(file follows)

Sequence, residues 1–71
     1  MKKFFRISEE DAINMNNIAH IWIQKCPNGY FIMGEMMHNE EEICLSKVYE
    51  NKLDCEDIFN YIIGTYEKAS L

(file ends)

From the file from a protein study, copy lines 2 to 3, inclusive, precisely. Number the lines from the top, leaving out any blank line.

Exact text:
     1  MKKFFRISEE DAINMNNIAH IWIQKCPNGY FIMGEMMHNE EEICLSKVYE
    51  NKLDCEDIFN YIIGTYEKAS L